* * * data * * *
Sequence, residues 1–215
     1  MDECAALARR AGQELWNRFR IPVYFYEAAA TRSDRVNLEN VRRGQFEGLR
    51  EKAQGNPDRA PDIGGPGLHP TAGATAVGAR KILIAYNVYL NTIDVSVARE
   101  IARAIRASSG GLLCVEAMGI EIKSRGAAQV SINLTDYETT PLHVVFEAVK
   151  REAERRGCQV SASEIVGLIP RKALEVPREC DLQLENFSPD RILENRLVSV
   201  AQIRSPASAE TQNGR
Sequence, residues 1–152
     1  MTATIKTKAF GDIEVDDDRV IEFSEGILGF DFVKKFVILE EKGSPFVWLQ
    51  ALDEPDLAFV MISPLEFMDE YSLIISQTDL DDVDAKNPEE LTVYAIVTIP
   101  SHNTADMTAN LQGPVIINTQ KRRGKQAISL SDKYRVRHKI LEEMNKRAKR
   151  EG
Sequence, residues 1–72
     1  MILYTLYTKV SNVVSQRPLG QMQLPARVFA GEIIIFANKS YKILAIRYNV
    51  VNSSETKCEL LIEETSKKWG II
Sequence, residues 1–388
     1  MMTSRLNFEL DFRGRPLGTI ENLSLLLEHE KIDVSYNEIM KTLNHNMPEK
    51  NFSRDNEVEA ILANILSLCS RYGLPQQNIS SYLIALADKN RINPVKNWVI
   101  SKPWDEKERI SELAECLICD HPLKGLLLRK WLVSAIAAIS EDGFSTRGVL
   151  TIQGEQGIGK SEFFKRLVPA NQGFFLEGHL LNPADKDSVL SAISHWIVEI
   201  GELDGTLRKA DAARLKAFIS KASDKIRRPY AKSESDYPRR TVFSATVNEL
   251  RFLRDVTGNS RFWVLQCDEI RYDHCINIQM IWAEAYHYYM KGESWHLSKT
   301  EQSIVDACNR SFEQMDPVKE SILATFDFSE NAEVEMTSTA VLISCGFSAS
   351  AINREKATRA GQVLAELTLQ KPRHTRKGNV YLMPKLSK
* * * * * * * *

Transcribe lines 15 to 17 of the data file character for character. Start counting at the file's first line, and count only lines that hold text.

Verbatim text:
Sequence, residues 1–388
     1  MMTSRLNFEL DFRGRPLGTI ENLSLLLEHE KIDVSYNEIM KTLNHNMPEK
    51  NFSRDNEVEA ILANILSLCS RYGLPQQNIS SYLIALADKN RINPVKNWVI